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4 thoughts on “India-Pakistan Ties: Lessons from 27/7

  1. Nicely wrapped up. It is about time that the importance of engagement for regional stability is realized.

  2. A pragmatic approach: In recent attacks Indian blamed Pakistan behind this as usual..Does nexalities movements are also sponsored by Pakistan or failure of Indian government to deal with her own people….They are just keeping their eyes shut and blamed Pakistan and ISI for any mischievous while forgetting objective analysis…..Indians should realized that why they are facing such attacks..A look inside policy may seem more practical for India, instead to blame Pakistan for domestic political reason and because of pressure of organizations i.e. VHP…..Propaganda is an effective instrument in foreign policy but only propaganda does not serve the purpose…and even does not eliminate such attacks…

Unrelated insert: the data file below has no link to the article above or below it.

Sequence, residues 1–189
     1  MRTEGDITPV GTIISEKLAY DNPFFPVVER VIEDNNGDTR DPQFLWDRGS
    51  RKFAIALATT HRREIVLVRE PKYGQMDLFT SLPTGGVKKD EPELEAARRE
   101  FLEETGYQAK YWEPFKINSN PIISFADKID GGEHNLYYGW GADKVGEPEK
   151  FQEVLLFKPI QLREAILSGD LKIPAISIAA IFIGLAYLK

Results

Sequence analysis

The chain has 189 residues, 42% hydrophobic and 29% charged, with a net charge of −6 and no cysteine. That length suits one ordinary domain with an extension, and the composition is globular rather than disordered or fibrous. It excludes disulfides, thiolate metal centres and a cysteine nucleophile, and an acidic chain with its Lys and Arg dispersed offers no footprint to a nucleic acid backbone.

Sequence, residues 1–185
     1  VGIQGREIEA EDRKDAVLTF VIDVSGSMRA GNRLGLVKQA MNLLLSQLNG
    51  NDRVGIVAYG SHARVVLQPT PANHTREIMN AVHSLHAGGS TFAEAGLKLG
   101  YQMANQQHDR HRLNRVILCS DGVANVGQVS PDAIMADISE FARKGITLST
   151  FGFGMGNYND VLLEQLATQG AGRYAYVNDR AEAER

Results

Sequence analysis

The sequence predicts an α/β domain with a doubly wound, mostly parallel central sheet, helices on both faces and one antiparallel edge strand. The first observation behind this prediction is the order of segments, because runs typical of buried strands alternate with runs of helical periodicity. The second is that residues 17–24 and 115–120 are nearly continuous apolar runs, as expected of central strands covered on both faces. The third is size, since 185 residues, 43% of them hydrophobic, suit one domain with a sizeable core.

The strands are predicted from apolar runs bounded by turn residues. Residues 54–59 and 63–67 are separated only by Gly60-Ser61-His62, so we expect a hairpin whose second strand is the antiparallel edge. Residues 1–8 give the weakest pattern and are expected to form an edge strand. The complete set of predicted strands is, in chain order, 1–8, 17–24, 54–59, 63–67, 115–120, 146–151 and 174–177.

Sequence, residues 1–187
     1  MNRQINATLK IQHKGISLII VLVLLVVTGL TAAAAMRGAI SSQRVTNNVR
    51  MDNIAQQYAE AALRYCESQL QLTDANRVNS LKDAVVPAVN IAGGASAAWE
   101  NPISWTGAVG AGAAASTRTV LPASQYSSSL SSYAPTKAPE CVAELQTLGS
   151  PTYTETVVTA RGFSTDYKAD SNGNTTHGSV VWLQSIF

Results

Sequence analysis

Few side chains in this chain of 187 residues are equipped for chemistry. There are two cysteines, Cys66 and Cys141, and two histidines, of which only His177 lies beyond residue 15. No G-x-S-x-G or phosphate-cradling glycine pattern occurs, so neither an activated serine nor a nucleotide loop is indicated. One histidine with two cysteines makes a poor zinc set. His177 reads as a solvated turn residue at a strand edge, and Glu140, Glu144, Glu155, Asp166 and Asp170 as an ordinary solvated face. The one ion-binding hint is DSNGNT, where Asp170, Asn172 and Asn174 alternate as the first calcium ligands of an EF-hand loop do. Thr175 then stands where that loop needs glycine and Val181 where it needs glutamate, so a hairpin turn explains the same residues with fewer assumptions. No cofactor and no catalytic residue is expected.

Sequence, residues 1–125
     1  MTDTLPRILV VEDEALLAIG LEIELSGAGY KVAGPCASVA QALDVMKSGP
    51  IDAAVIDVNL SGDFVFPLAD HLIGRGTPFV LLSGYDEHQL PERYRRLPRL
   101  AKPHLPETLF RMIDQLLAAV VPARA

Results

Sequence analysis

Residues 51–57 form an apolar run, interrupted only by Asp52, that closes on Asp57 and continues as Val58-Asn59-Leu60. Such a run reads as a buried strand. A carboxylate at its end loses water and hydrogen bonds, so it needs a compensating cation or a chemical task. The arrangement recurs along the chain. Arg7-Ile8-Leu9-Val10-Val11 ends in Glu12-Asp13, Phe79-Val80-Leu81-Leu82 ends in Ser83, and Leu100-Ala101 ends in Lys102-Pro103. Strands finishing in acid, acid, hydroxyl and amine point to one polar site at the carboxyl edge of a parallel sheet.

3. fairly articulated!
    well Pakistan is doing much better for its part. But the authorities on next part of the border now must have to realize that the contemporary international order has made Pakistan a prominent player especially of south Asia and any pessimistic effort carried out by India either by putting a stop over the bilateral engagements or in any other form will seriously affect the Indian diplomatic efforts ate every level.